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There isn’t too long to wait now until the delayed European Championships get underway, and a month-long festival of football is bound to throw up a few iconic moments.

Whether that be an important goal, over the top celebration or something equally as memorable, in years to come, we’ll surely be looking back on the moments that can rival those which have gone before.

This is the top five European Championship Moments, as chosen by Jason Pettigrove.

5. Davor Suker's Chip - Euro '96

It’s often forgotten that Davor Suker had already almost beaten Peter Schmeichel from near the halfway line with an incredible opportunist lob, such was the quality of the strike which did end up sailing past the towering Dane.

Denmark were, of course, reigning champions going into this tournament, though they never looked likely to repeat their surprise Euro 92 triumph.

Suker, a relative unknown before shining on the European stage, announced himself to the footballing world with a sublime piece of skill at Hillsborough.

Receiving a cross-field ball just inside the Denmark half, his exquisite first touch allowed him to open his body up and take the ball away from the covering defender in the same movement.

Schmeichel, who’d been up field just moments earlier, had raced back and was now out of his goal to narrow the angle. To no avail.

Suker’s chip was deft and beautifully executed. No wonder the Danish fans joined in the applause.

4. Balotelli's Hulk Impression - Euro 2012

Ever the showman, Mario Balotelli was on fire for large parts of Euro 2012.

His two goals against Germany in the semi-final were, ultimately, what secured a final berth against eventual winners, Spain, for the Azzurri.

A first was a bullet header past Manuel Neuer, though his second, a thunderous strike from the edge of the box, was one of the all-time great European Championship goals.

Aged 21 at the time, Balotelli had often made the headlines for the wrong reasons, but the manner of his brace ensured the conversation was turned on its head.

Ripping off his shirt and flexing was the only acceptable way to celebrate a goal of such high quality.

3. Pirlo's Panenka Embarrasses Joe Hart - Euro 2012

In truth, England had deserved to lose against the Italians long before their quarter-final penalty shoot-out.

The Azzurri had bossed the match from start to finish, but Roy Hodgson’s side displayed grit and determination to see out the 120 minutes without conceding.

A 0-0 final score absolutely wasn’t a fair reflection of what had gone before, however, it allowed everyone to witness one of the moments of the tournament.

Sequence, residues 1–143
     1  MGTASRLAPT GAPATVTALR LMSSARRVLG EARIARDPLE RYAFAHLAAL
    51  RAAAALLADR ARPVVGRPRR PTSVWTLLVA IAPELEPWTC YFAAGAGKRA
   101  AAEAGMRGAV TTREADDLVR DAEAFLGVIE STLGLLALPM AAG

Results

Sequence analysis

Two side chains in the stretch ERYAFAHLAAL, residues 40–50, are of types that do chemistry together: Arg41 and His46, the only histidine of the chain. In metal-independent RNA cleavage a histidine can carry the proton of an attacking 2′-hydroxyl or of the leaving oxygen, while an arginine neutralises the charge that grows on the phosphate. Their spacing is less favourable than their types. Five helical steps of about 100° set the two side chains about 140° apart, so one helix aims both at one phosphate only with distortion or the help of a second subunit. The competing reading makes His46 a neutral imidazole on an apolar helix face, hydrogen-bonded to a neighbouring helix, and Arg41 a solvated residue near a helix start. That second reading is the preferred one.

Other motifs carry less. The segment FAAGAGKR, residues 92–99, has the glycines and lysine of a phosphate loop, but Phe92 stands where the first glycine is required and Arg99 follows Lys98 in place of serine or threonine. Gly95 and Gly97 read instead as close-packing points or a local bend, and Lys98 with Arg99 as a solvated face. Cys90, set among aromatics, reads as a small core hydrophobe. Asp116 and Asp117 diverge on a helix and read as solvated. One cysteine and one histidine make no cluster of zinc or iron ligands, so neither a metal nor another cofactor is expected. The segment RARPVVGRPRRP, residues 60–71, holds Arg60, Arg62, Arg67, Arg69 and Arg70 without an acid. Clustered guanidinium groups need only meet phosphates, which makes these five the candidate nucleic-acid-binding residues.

When Andrea Pirlo stepped up to take his penalty against Joe Hart, only he will have known whether he was going to embarrass the custodian so publicly.

His Panenka penalty was so good that Hart had already completed his full-length dive before the ball had even hit the back of the net.


2. Gazza's Goal and the Dentist Chair - Euro '96

It was the year that football almost came home.

Though Gareth Southgate’s penalty miss will live long in the memory bank for all England fans, so will Paul Gascoigne’s fantastic finish against Scotland and the celebration that followed.

Gazza was in his pomp during the tournament and the fulcrum of anything good that the Three Lions did during those heady few weeks.

Never better than when he turned Colin Hendry inside out before powering home England’s second goal of the game, just a minute after Gary McAllister had missed a penalty for the Scots.

Pre-tournament lurid newspaper headlines made much of the ‘dentist chair’ incident as the players let their hair down in Hong Kong.

So, once the ball had hit the net, Gazza made straight for the water bottle as Wembley erupted.

Messrs. Shearer, Redknapp and McManaman recreated the high jinks and gave the headline writers exactly what they wanted.

1. Van Basten's Volley - Euro '88

Many have tried, and perhaps one or two have succeeded in hitting a volley so sweetly that it’s talked about for years afterwards.

However, no one can really lay claim to toppling Marco van Basten’s effort against the Soviet Union in the 1988 final.

The Dutchman was already the tournament’s top scorer, but he had certainly saved the best until last.

Arnold Muhren had broken down the left side for Holland, and the winger had Ruud Gullit to aim at in the middle and van Basten who was meandering over on the opposite side.

The striker would’ve done well just to control what was a high, looping cross, however, his instinctive first-time airborne volley from the tightest of angles must go down as one of the greatest goals ever scored.

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